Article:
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Ship of Fools

3.71 of 5 stars 3.71  ·  rating details  ·  1,207 ratings  ·  97 reviews
The story takes place in the summer of 1931, on board a cruise ship bound for Germany. Passengers include a Spanish noblewoman, a drunken German lawyer, an American divorcee, a pair of Mexican Catholic priests. This ship of fools is a crucible of intense experience, out of which everyone emerges forever changed. Rich in incident, passion, and treachery, the novel explores ...more
Paperback, 512 pages
Published May 30th 1984 by Back Bay Books (first published 1945)
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May 10, 2007 Steven rated it 4 of 5 stars
Recommends it for: Everyone
Katherine Anne Porter's powers of perception are so keen that she's the kind of person I would never want to have around as a friend. Everything would be stripped down in her gaze, leaving little room for cherished illusions.

The book captures this perfectly: She simultaneously depicts the short-comings of a world on the brink of World War II and scrutinizes those flaws that are endemic to all cultures and times. The meanness and arbitrary ways in which people subdivide who they consider equals a
"The idea for Ship of Fools originated in a voyage that Katherine Anne Porter took from Mexico to Europe in 1931. Some of the passengers she encountered on the ship became the models for the characters in Ship of Fools. Porter began work on the novel in 1941 and it took her twenty years to complete." Said Porter of the voyage -- "We embarked on an old German ship at Vera Cruz and we landed in Bremen twenty-eight days later. It was a crowded ship, a great mixture of nationalities, religions, pol ...more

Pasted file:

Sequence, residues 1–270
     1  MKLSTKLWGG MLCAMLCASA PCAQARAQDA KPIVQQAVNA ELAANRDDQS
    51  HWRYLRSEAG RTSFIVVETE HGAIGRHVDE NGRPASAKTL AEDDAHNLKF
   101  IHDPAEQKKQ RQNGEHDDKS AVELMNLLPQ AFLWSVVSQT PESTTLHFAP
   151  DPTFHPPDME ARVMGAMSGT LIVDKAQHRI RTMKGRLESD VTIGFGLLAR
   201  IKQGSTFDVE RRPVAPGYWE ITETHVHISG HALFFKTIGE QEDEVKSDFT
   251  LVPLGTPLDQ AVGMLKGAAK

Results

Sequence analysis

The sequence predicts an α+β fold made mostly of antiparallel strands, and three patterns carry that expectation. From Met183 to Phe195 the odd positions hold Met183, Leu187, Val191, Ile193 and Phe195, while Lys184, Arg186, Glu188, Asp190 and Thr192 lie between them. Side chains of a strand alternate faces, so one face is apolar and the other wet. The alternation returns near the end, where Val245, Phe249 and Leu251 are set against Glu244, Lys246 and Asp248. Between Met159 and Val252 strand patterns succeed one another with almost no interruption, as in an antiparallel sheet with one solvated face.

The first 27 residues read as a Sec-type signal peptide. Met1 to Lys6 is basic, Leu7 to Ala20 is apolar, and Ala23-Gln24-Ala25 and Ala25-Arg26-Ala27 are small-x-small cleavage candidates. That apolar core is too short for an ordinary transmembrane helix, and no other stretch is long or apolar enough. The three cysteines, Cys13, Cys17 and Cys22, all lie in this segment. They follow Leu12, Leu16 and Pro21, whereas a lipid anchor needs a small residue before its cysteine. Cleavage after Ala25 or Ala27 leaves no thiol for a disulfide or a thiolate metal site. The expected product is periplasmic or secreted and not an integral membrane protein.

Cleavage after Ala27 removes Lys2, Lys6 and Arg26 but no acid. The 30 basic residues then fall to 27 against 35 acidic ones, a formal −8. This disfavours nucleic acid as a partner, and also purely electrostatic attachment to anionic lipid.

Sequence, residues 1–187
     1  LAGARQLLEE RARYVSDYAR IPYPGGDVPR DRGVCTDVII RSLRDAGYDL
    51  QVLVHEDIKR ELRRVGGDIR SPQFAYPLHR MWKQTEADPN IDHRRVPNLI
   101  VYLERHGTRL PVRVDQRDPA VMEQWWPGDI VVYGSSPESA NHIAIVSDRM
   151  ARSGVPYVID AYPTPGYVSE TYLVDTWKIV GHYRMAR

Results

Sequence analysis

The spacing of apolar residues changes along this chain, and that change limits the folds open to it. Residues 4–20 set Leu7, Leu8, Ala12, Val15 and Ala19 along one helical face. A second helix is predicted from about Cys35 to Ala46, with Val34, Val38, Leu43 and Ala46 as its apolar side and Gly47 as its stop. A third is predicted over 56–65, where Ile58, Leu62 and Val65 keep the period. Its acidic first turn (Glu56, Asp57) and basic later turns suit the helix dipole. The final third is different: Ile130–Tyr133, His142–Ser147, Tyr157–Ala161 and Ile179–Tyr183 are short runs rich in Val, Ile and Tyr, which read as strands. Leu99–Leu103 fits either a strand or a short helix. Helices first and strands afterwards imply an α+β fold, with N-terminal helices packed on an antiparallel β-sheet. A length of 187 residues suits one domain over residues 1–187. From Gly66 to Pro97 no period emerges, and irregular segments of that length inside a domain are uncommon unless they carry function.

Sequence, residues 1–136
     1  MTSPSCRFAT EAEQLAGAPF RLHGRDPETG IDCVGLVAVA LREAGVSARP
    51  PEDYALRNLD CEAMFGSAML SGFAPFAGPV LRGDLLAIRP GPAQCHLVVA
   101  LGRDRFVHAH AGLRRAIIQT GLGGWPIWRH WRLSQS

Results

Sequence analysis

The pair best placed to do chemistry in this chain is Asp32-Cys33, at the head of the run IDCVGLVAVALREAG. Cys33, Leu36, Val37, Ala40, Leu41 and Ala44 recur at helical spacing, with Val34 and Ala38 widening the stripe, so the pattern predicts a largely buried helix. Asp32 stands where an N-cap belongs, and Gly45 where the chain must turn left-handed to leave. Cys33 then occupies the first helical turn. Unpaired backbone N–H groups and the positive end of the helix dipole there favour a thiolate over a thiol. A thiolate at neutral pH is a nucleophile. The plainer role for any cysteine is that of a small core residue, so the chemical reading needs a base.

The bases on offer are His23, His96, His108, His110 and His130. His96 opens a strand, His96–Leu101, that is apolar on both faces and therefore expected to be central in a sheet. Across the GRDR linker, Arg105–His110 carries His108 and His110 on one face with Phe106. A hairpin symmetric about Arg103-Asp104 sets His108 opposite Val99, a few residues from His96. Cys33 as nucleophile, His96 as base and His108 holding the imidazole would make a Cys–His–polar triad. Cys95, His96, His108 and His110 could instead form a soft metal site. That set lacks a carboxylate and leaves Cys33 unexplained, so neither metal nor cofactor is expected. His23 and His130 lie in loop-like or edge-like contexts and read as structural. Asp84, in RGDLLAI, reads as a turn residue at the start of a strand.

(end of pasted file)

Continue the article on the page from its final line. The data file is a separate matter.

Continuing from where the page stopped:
Larry Bassett
From the trailer of the 1965 movie: “There are many stories here but there is only one Ship of Fools.”

OK, I don’t know what “Quand nous partons vers la bonheur ?” means. So I am feeling stupid and I am not even on page one yet. Any translators out there?

We meet many of the characters fairly quickly. They are a variety thrown aboard a ship on a month long voyage across the Atlantic to Germany from Mexico. There is the normal shipboard class division from First to Steerage but there are dynamic di
This novel almost requires a cast list to keep track of all the 'fools' on the ocean liner the Vera which sailing from Mexico to Germany. On board are a very mixed bag of travelers, all returning to Europe in search of something they are missing in their lives or to get away from past mistakes or simply to reunite with loved ones. There are merchants, academics, businessmen, artists, entire families, dancers and even soft-core prostitutes among the passengers in the first class section. Add to t ...more
Such elegant savagery! Set on a cruise ship traveling from Mexico to Germany in the early 1930s. An enviably seamless omniscient narrator carries us through this meticulous study of human frailties. It's an ensemble book, too--a rare feat: no single protagonist--and it works. (This was given to me as a masterwork to contemplate as I revise my own, far poorer, fleet of vices.) The book takes its time without lagging, painstakingly rising to violence--every kind of subtle violence.

I found Porter's